Midgett v. Vann, 158 N.C. 128 (1912)

Feb. 21, 1912 · Supreme Court of North Carolina
158 N.C. 128

S. E. MIDGETT v. C. S. VANN, Fish Commissioner.

(Filed 21 February, 1912.)

1. Appeal and Error — Decisions — Taxing Costs — Trial Court — Powers.

A judgment in tbe Supreme Court dismissing an appeal for tbe failure of appellant to print tbe record and taxing bim with cost, is final, without authority in tbe lower court to permit bim to recover them.

2. injunction — Damages—Attending Hearings — Personal Expenses.

Damages recoverable against tbe sureties on an injunction bond are such only as may be sustained by tbe party enjoined by reason^ of the injunction (Revisal, sec. 817), which does not include tbe personal expenses in attending tbe bearing; and this applies to the fish commissioner’s attendance at tbe bearing of an injunction against his removing private nets from certain waters, in which action a judgment of nonsuit was finally taken.

3. Injunction — Damages—Evidence—Recovery.

When there is no evidence of any damages sustained by reason of an injunction, none are recoverable; and in this action there are no damages shown by reason of an injunction against the fish commissioner removing private nets from certain waters.

4. Costs — Attorneys’ Fees.

Attorneys’ fees are not recoverable by successful litigants in this State, as such are not regarded as a part of the court costs.

Appeal from Qline, J., at Fall Term, 1911, of Dake.

Motion for judgment for damages against sureties on injunction bond, beard upon exception to report of referee. His Honor overruled all the exceptions and confirmed the report. Both parties appealed.

plaintiff's appeal.

B. G. Orisp and E\ F. Aydlett for plaintiff.

J. G. B. Ehringhaus for defendant.

Beown, J.

There were seven actions brought in the Superior Court of Dare County against Thomas S. Meekins, former fish commissioner, to enjoin him from removing certain fish nets from the waters in which they were set, upon the ground that they were not set within prohibited territory. The present de*129fendant, 0. S. Yann, succeeded Meekins as fish commissioner and took bis place as defendant in said actions. Tbe cases were considered together and heard by his Honor, Judge Justice, who continued the restraining order to the hearing. Defendant Yann appealed. This appeal was dismissed at August Term, 1911, for failure upon part of defendant, appellant, to have the record printed, as required by the rule of this Court, and the judgment of the Supreme Court required defendant to pay costs of appeal.

At May Term, 1911, of the Superior Court plaintiffs submitted to a judgment of nonsuit.

There was a motion for judgment for damages, which was heard by a referee, whose judgment was affirmed by the Superior Court. The defendant claims damages as shown by the report:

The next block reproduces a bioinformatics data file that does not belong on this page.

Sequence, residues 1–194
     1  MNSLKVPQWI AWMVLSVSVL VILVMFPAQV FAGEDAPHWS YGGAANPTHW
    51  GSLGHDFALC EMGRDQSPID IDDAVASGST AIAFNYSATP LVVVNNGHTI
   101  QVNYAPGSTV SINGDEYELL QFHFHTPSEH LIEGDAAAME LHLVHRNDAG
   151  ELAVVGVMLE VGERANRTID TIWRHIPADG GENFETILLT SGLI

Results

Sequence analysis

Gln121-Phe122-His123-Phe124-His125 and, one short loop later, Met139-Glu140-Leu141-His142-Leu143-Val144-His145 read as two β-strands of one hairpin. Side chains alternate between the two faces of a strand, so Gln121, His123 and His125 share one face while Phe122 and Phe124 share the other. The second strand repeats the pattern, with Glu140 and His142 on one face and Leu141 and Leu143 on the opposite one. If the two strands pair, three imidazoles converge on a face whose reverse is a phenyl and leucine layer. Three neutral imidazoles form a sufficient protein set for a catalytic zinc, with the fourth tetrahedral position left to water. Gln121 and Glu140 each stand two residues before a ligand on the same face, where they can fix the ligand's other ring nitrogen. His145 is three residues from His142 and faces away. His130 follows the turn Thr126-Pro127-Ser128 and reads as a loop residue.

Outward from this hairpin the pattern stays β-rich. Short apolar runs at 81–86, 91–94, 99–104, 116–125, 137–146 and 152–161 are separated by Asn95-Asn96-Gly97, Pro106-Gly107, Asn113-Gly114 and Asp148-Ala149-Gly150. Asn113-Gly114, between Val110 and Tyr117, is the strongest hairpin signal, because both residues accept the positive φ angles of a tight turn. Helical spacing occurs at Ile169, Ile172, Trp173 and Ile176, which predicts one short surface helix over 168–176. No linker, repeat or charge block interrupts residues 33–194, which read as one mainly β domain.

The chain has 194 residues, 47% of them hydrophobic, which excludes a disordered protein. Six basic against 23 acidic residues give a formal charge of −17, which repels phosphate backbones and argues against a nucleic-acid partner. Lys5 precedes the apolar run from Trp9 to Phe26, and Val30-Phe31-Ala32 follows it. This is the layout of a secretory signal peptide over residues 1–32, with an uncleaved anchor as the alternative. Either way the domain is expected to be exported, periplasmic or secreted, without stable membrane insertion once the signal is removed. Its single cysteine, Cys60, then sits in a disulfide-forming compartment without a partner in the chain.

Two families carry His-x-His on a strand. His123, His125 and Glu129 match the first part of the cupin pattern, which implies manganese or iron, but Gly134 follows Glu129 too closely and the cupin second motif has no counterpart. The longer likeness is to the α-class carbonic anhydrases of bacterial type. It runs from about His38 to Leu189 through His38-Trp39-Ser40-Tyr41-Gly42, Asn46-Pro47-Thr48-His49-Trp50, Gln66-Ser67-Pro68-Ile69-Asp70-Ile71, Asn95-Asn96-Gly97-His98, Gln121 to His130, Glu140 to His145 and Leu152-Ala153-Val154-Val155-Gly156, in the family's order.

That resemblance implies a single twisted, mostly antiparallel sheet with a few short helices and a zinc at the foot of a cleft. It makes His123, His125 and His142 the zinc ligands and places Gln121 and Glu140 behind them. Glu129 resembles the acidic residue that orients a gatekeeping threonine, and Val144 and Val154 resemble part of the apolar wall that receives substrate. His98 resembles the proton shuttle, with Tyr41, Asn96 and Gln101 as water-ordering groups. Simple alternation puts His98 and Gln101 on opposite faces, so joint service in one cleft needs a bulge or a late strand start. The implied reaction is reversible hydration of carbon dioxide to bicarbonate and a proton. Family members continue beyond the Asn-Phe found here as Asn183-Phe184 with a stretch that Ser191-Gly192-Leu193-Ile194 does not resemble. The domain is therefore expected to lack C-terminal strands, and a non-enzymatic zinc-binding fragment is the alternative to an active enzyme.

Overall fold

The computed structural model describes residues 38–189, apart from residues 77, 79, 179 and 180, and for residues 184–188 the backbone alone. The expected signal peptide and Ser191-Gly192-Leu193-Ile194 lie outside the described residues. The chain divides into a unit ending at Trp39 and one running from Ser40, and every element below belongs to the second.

1. For $6.35, cost in the Supreme Court, and which was adjudged against the defendant by this Court at August Term, 1911.

2. For $12.50, expenses of the fish commissioner in attending the hearing of the cases.

3. Two hundred dollars attorney fees in the cases.

There were seven of these actions brought, and it was agreed that all should abide the decision of one case.

The referee held:

1. That the defendant was entitled to recover back the $6.35 cost:

2. That the defendant is entitled to recover the $12.50 personal expenses of the defendant in attending the hearings.

The court overruled both exceptions and gave judgment against plaintiffs. Plaintiff excepted.

The referee refused to allow defendant attorney fees. Defendant excepted. Court overruled defendant’s exceptions.

1. The ruling of the court that the defendant is entitled to recover back the costs taxed against the defendant by the judgment of the Supreme Court is erroneous. That judgment was final, and could only be corrected or reversed by this Court. To permit defendant to recover back costs of his dismissed appeal would in effect nullify the judgment of this Court.

*1302. Tbe defendant is not entitled to recover tbe sran paid as personal expenses in attending tbe bearing upon tbe injunction before Judge Justice. A party to an action is not entitled to recover bis personal expenses in attending court. Hyman v. Devereux, 65 N. C., 589. Tbe only damages recoverable upon an injunction bond given in pursuance of our statute, Revisal, 817, are sucb damages as may be sustained by tbe party enjoined by reason of tbe injunction. Hyman v. Devereux, supra.

There is no evidence tbat defendant Vann bas sustained any damages because be was not allowed to remove plaintiff's nets from tbe disputed waters, and, therefore, be can recover nothing upon tbe injunction bond.

Upon plaintiff’s appeal bis Honor’s rulings confirming report of referee are


defendant’s appeal.

Tbe defendant assigns error because tbe court below sustained tbe ruling of tbe referee refusing to allow counsel fees to defendant.

Attorneys’ fees are not recoverable as costs or damages in cases like this in our State. Formerly a tax fee of $5 and in some cases $10 in tbe Superior Court, and $15 in this Court, were taxable as costs in favor of tbe successful party. But they were abolished by statute in 1871. In many States attorneys’ fees are allowed to tbe successful litigant, but it is not so in this State and some others, nor in tbe Federal courts. Ry Co. v. Elliott, 184 U. S., 530; Hyman v. Devereux, supra; Stringfield v. Hirsh, 94 Tenn., 425. Tbe ojoinion in this latter case is an elaborate discussion of tbe subject and gives tbe States where attorneys’ fees are recoverable and those where they are not, placing North Carolina in tbe last-named class. See, also, Donlan v. Trust Co., 139 N. C., 212.

Tbe judgment on defendant’s appeal is